Immediately following the Sept. 14th “super fight” between Floyd Mayweather and Saul “Canelo” Alvarez it was easy to see Mayweather as the biggest winner following the unanimous decision victory. While the fighter mugged for the cameras and added another scalp to his already impressive catalog, the real winner was sitting alongside the ring intently watching the buzz climb and gradually simmer down. After extended periods of negotiation, months of promotion, and just about every resource available to him tapped, Steve Espinoza was able to smash old records and set new ones with Mayweather vs. “Canelo.” What seems like a surprise to most is nothing but “basic business” to the Showtime Sports head.
With the pay-per-view setting an all-time revenue record of $150 million, it was obvious that Espinoza was doing something right. Boxing fans have proven to be more than willing to shell out the big bucks to watch their favorite fighters compete, but Espinoza managed to do the impossible: draw in the casual fan, and make them interested enough to want to spend $70 on a boxing pay-per-view. With the fight obviously being successful, the concern at Showtime and other outlets was whether or not the event was a success from the casual fans perspective. For Espinoza, it most definitely was.
“I think so, and that’s why we loaded the undercard and really tried to make it an enjoyable event because it’s critical that when we get the casual fan we make the experience enjoyable and develop repeat customers. It’s a basic form of business, and that’s why I think [Mayweather vs. Canelo] was so important for the sport.”
As great as the undercard may have been, the real tool to Espinoza and Showtime’s success was the relentless promotion of the bout. With their use of social media, CBS, CBS affiliates, and even their own All Access series Showtime pulled no punches when it came to making sure everyone who followed sports at least knew about the significance of this bout. With the formula proven successful, many have questioned whether this strategy will be employed by the network when it comes to other feature bouts. Although that won’t necessarily be the case, don’t expect this to be the last time.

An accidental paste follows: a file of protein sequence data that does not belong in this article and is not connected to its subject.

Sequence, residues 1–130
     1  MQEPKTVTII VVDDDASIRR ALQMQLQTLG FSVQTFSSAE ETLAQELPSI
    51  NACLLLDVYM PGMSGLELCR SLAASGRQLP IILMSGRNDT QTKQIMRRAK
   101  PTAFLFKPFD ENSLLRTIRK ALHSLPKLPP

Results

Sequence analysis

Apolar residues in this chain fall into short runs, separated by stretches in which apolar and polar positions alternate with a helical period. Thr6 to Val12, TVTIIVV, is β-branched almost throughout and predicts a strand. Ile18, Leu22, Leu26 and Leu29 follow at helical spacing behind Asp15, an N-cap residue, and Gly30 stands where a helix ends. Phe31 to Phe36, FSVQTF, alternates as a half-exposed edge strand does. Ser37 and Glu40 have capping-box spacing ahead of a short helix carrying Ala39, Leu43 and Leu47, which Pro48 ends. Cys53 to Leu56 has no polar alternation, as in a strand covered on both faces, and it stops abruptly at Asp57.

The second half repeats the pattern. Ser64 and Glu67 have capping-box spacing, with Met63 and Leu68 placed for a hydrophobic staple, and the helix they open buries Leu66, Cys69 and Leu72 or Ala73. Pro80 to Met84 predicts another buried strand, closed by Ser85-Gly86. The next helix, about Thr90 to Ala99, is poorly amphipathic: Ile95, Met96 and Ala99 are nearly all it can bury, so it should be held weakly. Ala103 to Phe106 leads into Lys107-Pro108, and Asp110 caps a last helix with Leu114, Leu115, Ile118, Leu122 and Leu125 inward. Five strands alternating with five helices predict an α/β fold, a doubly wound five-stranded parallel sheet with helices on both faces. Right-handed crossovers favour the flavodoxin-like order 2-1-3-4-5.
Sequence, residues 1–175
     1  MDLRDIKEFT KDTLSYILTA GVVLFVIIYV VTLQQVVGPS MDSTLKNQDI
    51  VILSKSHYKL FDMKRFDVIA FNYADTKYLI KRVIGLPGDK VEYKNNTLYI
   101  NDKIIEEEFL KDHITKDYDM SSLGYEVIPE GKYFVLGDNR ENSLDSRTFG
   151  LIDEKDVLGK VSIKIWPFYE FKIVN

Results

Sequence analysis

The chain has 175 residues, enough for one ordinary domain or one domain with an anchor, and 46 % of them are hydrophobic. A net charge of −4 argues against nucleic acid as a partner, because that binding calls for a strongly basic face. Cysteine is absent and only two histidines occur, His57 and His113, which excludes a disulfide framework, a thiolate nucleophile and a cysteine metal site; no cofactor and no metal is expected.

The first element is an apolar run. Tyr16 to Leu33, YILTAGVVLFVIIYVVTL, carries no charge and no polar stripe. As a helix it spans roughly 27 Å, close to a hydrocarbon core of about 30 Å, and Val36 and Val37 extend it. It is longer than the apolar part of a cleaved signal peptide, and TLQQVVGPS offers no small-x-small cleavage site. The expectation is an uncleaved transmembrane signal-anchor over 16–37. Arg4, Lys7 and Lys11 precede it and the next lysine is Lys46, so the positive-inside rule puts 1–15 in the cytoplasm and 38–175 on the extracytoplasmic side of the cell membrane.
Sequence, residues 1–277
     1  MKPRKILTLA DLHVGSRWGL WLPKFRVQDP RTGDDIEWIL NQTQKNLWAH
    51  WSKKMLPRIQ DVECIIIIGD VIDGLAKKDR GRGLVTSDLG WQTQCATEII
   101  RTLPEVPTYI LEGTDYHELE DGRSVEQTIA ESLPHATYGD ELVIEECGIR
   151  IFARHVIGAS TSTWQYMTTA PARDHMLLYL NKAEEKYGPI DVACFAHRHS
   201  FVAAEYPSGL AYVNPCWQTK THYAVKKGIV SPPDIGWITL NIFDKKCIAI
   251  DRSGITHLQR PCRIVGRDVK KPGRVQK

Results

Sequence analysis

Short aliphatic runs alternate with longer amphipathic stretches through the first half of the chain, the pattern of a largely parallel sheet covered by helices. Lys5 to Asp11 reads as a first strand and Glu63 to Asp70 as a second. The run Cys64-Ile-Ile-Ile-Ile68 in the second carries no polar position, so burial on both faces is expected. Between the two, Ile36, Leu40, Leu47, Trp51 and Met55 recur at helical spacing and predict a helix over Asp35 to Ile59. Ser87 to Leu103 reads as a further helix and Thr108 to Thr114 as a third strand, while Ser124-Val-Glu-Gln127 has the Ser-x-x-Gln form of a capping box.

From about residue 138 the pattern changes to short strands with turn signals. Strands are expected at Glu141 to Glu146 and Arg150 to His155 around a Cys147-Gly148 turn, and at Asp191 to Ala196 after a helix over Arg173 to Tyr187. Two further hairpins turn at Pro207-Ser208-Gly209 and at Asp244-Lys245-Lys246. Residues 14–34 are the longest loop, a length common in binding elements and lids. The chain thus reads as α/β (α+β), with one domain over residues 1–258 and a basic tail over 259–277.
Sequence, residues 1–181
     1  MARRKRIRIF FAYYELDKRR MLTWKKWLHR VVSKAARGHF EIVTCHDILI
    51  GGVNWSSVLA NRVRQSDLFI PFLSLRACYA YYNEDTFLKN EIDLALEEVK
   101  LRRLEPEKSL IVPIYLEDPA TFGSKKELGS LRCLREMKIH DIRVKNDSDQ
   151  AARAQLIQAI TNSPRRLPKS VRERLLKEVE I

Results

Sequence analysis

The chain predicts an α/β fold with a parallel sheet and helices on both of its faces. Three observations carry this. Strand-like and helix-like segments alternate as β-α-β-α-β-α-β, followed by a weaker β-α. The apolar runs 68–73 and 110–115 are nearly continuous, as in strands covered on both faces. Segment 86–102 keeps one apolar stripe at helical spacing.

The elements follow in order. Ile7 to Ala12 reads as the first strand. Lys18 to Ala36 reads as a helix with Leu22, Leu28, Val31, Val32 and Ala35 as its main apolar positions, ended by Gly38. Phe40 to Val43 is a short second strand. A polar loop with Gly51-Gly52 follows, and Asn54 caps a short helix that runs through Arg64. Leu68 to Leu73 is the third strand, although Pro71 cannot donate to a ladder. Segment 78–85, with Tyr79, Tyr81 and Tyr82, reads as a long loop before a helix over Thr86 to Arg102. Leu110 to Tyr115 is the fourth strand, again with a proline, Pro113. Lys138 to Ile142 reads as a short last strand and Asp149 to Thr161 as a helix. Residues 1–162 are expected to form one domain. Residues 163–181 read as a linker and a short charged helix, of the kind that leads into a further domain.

“The strategy with this fight was to go after the die-hard fan as well as the main-stream sports fan who does not necessarily follow boxing. That won’t necessarily be the strategy for all fights, some will be more cross-over fights than others, but CBS is always going to be involved in all of our programming.”
Espinoza has little time to celebrate the recent successes of his network however, as the focus quickly shifts to potential options as Mayweather’s next opponent. Simply put, there aren’t many, and when it comes to opponents that may seem competitive they are even harder to come by. With Mayweather already having dismantled one of the biggest and brightest stars of the 154-pound division, one can’t help but wonder what Floyd and Showtime do now. Would the normally cautious Mayweather be willing to go up another weight class and challenge for another title?
“I think people have a misperception of Floyd. This fight (with Alvarez) itself was “un-Floyd-like” to most people. When he signed the Showtime deal he said he was going to fight more frequently and take big fights. No one believed him. That’s not “Floyd-like”. Well, I think we’re dealing with a slightly different Floyd at this stage in his career, who is willing to take risks, take on challenges, and wants to end his career on a series of really big events.”
One such challenge would be the 160-pound champion, Sergio Martinez. Widely regarded as the best middleweight in the world, as well as being one of the smaller fighters in the division, has led many to question whether Mayweather would consider packing on a few more pounds. Even if he tries to decide against it, who else makes more sense at the moment?
“If Floyd is willing to consider that weight, [Martinez] is a guy that makes sense. A guy who is a big 160-pounder like other names who have been thrown around just does not make sense.”
Only time will tell whom Floyd decides to fight in early May, but while he deals with that, Espinoza is left wondering how to capitalize on the momentum set by Mayweather vs. Alvarez. With the concerns of a potential fall-off in viewership until May, the search is on for an opponent that can at least fool the public into thinking that he stands any kind of chance against the welterweight kingpin. It’s a task easier said than done, but Espinoza remains confident that things can only go up from here.
“It’s going to take some thinking. We’ve been so focused on this event that we haven’t really looked too far past it. Quite honestly, I don’t think there will be much fall-off going forward, I’m not saying every event is going to be as big as this one, but I don’t think there is anyone out there who can question that Floyd is a unique, once in a generation talent, and we have a limited window to continue seeing him perform. So if you enjoy the sport, if you respect the sport, you want to see him fight, and we have only got a limited number of opportunities to do that.”
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